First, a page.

By Isabel Jones
Jan 30, 2018 @ 4:15 pm

Activists and celebrities took over N.Y.C.’s Town Hall theater Monday evening to say their piece at the People’s State of the Union, sponsored in part by We Stand United, a show of resistance on the eve of Donald Trump’s first State of the Union on Jan. 30.

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Actor Mark Ruffalo was one of the first to take the stage, thanking the millions of Americans who have taken action since Inauguration Day. “I know you haven’t been at a country club for half a year, huffing down cheeseburgers, sitting on a golden toilet waiting for someone to bring you a chocolate cake,” he joked, telling the audience, “We wanted to hear from the people who are actually working really hard for the positive vision of America—marching, rallying, organizing, calling, writing, tweeting, Facebooking, educating and caring for our country.”

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Gloria Steinem announced that “Trump has been sent to us only to wake us up. He’ll only be remembered for the opposition to him."

Along with rousing speeches from organizers and politically active stars, the evening included emotional performances from Andra Day, Common, and Rufus Wainwright, who delivered a touching rendition of "Hallelujah," dedicated to the late Heather Heyer, who was killed in the Charlottesville attack last year.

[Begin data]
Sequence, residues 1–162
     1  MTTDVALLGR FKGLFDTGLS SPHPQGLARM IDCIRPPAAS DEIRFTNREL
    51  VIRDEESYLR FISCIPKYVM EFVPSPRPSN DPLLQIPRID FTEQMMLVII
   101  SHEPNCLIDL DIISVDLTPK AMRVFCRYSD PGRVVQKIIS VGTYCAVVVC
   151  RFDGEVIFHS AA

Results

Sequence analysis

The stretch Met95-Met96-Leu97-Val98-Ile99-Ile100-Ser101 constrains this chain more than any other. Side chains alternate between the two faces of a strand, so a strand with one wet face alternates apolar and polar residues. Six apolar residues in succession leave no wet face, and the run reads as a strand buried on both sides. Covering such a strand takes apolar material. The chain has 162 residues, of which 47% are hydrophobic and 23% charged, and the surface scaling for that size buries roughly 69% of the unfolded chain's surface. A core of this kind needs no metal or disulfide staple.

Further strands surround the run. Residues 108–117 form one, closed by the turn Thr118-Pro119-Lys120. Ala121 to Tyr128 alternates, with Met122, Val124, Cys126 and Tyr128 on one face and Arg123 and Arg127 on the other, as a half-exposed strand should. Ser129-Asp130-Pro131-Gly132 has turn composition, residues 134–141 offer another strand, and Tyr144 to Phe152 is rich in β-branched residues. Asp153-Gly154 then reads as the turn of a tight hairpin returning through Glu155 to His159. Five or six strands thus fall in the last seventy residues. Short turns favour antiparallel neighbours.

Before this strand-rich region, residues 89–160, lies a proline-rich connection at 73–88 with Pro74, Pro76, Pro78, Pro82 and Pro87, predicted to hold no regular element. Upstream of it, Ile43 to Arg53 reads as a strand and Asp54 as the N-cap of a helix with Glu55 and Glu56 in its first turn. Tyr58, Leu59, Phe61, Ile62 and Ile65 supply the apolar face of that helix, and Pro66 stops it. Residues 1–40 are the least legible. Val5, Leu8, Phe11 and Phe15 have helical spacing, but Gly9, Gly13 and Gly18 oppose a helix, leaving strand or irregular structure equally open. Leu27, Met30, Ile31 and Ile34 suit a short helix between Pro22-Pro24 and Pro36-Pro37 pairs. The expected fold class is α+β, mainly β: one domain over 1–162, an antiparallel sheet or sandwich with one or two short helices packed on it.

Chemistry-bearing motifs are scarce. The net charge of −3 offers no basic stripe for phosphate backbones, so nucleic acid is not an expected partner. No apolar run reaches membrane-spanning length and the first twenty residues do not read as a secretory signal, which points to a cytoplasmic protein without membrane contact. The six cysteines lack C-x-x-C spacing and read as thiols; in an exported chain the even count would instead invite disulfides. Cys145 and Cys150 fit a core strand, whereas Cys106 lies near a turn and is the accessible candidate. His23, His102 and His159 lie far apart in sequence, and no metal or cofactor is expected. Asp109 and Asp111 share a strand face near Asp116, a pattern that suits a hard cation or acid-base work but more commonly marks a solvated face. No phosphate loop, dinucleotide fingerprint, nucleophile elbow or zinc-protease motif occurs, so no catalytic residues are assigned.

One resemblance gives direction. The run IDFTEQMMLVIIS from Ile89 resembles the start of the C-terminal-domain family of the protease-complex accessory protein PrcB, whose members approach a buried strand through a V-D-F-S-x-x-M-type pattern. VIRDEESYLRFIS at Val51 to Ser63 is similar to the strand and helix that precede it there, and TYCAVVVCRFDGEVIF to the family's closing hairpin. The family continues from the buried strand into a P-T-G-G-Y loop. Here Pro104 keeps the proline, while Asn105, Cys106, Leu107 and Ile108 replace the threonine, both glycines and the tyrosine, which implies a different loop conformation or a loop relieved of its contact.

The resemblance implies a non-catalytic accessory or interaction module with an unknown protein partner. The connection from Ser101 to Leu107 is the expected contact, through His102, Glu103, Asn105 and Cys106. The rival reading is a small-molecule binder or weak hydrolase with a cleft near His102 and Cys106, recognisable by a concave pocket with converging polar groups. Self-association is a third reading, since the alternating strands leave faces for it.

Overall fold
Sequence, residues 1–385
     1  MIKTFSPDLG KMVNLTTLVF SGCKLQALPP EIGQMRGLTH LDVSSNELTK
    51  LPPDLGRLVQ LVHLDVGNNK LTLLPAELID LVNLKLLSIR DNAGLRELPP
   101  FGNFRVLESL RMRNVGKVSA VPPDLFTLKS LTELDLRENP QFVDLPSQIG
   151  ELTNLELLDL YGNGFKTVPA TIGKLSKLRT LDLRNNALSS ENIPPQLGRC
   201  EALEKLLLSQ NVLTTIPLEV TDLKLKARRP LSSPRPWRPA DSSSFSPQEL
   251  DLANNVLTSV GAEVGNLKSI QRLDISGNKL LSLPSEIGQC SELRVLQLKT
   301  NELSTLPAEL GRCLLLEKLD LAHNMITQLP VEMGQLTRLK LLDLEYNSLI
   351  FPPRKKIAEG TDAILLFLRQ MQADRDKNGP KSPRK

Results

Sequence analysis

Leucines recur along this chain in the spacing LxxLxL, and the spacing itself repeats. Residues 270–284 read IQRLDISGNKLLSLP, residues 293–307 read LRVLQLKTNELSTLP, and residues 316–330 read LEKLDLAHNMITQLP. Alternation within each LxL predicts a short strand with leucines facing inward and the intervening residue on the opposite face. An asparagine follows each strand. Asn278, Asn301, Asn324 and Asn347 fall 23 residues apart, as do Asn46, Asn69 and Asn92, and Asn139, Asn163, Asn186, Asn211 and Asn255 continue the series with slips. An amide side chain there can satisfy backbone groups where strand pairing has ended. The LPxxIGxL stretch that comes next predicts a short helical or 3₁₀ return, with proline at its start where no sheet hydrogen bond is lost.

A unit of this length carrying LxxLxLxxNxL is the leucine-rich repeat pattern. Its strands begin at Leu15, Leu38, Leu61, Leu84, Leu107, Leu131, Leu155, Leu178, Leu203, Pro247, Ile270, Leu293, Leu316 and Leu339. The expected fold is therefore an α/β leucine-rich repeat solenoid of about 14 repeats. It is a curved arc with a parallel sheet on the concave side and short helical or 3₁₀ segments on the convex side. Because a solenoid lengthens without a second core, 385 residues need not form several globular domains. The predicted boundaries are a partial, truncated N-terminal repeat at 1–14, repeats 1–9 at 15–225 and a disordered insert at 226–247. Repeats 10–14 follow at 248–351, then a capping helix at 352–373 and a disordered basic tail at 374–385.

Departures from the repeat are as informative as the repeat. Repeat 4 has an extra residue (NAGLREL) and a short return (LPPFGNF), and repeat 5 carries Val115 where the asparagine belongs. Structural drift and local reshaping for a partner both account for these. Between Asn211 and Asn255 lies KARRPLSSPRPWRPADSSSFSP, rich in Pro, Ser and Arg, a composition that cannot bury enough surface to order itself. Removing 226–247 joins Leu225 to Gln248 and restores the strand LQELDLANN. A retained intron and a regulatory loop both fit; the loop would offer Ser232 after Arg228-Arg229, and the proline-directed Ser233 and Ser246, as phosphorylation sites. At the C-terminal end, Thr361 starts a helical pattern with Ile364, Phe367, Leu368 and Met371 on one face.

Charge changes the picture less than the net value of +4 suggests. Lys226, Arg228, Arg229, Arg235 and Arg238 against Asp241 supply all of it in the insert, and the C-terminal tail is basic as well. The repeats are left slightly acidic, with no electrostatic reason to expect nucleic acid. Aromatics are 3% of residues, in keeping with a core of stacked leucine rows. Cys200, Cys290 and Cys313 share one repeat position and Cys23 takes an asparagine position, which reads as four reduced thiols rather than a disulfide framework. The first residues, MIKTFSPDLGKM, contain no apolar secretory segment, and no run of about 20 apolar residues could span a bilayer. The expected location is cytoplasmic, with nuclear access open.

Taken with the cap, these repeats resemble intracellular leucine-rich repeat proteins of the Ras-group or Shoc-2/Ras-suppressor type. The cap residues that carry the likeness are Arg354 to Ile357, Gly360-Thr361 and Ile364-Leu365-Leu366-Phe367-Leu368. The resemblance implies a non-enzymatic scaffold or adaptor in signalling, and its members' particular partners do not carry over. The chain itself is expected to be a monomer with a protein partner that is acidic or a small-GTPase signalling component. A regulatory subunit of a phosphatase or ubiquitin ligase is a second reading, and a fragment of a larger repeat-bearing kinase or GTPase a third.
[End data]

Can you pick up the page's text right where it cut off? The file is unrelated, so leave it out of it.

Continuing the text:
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Sex and the City alum Cynthia Nixon gave a rousing speech, saying “This has been a dark year for America. For those of us who value quaint concepts like equal rights for all, economic and racial justice, combating climate changes, many others, we have taken catastrophic steps backward."

“Democracy is like a muscle, if you don’t use it, you lose it,” Nixon continued, encouraging citizens to take to the polls in 2018. “Fighting for our democracy is going to require all of us to step up and take action. Whether protesting anti-immigrant policies, organizing for women’s rights, refusing to give polluters our business, demonstrating against police violence, even taking the leap to run for office ourselves. In 2018, each one of us has to do everything we can to reclaim our democracy from foreign and domestic threats that aim to imperil it. It is on us. There’s no cavalry coming—we are the cavalry. If we want our democracy back, we have to get out there ourselves and seize it.”

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The recurring theme that emerged was a simple call to action: Vote. Documentarian Michael Moore urged those in attendance not just to vote themselves but to recruit non-voters to take to the polls. “These people aren’t apathetic; they’re angry,” he said of the 100 million U.S. citizens who didn’t vote in the 2016 election. “They’re not ignorant, they’ve been ignored. They’re not lazy; they’re livid, so much so that they just said f—k it to the whole system.”

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“I want everyone to make this one simple commitment over the next 10 months,” Moore proposed. “I want you to identify 20 people who did not vote in the 2016 election and get them all to the polls on election day, November 6.”